A native of England, Les Poolman received a bachelor’s degree from Keele University in Staffordshire, England and a master’s degree from WVU. He later received a doctorate in higher education administration and physical education/athletic administration from WVU where he was also an assistant soccer coach.
Poolman joined Dickinson College, Carlisle, Pa., as athletic director in 1988, having previously served as the director at Mount Holyoke College. He created a strong environment, new sports and helped build and renovate the athletic facilities at Dickinson College.
During this time, he oversaw a pair of national track and field champions, 48 Centennial Conference championships in 12 sports, championship play in 18 sports and a national ranking of 41 for the Division III schools in the 2013-14 Learfield Sports Directors’ cup.
He also added three new varsity teams to the school with women’s golf and both men’s and women’s squash. This included serving as the intern squash coach until the inaugural season for the sport, women’s tennis coach from 1988-1990 and men’s soccer coach in 1992-1994.
Poolman served on numerous college committees including the Student Wellness Advisory Group, Title IX Committee, Presidents Commission for Women, McAndrews Fund for Athletics Committee and the Hillel Advisory Board. He taught physical education classes and three First-Year Seminars and participated in several spring break trips and summer sessions in England and South America with faculty and students.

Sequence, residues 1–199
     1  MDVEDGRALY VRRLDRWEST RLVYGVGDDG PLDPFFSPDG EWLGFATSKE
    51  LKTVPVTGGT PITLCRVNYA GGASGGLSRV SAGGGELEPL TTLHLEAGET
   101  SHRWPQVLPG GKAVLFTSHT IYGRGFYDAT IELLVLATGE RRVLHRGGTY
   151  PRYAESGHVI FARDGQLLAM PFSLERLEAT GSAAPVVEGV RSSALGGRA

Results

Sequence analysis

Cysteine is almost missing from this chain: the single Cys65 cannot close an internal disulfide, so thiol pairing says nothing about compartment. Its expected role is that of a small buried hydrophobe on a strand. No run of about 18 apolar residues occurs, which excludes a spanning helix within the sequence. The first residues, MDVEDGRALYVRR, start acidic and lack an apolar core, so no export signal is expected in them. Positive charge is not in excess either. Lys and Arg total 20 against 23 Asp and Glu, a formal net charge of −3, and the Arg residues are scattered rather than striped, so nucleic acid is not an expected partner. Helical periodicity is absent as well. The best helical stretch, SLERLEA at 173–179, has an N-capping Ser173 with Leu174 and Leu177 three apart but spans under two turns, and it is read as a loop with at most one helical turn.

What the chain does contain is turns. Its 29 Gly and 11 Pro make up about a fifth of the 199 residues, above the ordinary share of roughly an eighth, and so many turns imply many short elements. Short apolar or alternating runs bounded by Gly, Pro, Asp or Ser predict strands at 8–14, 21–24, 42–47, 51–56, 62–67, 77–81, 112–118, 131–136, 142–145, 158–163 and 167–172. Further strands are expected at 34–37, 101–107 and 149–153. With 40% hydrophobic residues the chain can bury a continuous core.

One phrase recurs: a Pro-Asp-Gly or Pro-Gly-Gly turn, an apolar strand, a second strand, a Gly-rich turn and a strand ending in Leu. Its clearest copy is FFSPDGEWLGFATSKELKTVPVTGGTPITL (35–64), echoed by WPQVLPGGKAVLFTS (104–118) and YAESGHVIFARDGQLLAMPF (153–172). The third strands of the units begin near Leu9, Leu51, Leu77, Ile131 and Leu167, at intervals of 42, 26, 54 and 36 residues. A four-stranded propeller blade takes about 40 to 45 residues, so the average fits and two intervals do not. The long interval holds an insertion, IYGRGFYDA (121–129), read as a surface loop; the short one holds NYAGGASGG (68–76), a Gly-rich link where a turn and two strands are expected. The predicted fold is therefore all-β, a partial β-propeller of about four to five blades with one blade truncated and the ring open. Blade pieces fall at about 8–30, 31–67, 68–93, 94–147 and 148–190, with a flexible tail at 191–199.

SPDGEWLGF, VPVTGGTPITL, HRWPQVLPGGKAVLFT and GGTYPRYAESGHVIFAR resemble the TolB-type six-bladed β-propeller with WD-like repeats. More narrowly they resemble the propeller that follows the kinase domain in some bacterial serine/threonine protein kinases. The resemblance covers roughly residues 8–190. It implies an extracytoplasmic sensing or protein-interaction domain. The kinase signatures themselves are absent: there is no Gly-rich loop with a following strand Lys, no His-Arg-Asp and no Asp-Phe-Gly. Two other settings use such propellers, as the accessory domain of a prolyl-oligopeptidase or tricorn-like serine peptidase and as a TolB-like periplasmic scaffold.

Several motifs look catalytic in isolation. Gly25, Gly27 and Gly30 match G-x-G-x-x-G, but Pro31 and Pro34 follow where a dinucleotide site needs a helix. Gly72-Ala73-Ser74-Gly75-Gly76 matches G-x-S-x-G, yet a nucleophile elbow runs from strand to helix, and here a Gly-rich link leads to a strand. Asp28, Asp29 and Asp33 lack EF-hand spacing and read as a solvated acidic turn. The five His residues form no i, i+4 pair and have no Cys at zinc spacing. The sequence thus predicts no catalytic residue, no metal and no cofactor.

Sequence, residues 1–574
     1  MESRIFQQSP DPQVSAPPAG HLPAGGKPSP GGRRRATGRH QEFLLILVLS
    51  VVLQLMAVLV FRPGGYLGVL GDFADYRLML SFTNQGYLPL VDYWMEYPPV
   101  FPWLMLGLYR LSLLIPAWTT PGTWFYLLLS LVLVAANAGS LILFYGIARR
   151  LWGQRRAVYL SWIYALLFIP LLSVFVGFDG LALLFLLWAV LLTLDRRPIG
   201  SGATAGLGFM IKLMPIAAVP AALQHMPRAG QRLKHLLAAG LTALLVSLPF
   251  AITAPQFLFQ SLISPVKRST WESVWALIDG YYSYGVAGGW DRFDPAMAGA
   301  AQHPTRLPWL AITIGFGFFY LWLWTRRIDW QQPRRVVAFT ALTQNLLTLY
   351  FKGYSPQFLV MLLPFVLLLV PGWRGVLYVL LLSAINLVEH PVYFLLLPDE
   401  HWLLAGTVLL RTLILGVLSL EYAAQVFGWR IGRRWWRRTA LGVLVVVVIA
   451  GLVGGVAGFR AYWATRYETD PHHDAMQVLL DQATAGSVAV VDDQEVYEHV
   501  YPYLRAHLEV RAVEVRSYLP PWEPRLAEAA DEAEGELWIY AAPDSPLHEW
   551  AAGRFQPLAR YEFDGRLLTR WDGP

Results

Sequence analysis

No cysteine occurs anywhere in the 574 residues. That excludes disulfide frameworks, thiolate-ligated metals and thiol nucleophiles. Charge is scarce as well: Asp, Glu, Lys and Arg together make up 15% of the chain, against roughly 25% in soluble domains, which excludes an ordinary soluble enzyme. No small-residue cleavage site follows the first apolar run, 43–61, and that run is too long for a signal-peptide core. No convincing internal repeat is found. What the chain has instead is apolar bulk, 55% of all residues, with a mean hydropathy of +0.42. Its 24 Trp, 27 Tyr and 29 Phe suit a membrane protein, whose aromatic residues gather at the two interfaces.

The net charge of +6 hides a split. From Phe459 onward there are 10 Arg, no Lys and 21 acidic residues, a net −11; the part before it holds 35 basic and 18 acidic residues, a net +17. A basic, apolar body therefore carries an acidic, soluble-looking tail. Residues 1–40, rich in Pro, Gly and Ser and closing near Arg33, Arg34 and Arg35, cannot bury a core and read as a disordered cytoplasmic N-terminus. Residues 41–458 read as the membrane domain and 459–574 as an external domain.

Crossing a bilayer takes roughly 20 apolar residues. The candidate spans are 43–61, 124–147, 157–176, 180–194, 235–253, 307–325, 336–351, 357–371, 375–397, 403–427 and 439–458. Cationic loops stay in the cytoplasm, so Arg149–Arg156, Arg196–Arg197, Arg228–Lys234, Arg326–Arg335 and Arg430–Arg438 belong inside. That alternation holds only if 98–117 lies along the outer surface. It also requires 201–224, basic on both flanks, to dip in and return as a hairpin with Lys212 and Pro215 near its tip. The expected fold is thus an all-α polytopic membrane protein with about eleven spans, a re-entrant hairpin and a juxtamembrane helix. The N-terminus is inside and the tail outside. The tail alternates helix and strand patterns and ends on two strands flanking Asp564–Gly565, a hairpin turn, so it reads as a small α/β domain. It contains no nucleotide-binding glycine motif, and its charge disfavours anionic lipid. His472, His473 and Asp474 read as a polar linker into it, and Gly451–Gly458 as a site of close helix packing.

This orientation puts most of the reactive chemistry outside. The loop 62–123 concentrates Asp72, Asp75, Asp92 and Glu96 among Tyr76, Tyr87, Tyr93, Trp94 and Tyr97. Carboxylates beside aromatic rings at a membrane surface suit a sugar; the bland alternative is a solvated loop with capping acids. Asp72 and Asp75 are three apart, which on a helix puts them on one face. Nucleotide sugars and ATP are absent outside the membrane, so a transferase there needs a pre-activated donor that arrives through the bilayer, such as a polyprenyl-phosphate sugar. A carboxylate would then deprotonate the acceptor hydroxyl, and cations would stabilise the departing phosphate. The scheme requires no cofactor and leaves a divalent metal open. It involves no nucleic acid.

Poolman has taken a leadership role in the construction or renovation of many athletic facilities, including: Dickinson Park, MacPhail Baseball Field and Phyllis Joan Miller Memorial Field; the renovation of the Biddle Field complex; the state-of-the-art Durden Athletic Training Center.
Poolman established the 19-acre Dickinson Park, renovated the Biddle Field complex and the Durden Athletic Training Center. He also spear headed the building of the net Kline Fitness Center which hosts the squash teams and provides a space for both athletes and the rest of the college to enjoy a healthy lifestyle.
He also spread his influence beyond the school athletics as an active member of the NCAA leadership at the national level, serving on several committees alongside a number of committees at the school itself.
He is described as a “mentor to legions of Dickinson students; a committed ambassador for the college to families, prospective students, alumni and the local community at large; and a devoted colleague and friend to faculty and staff past and present.”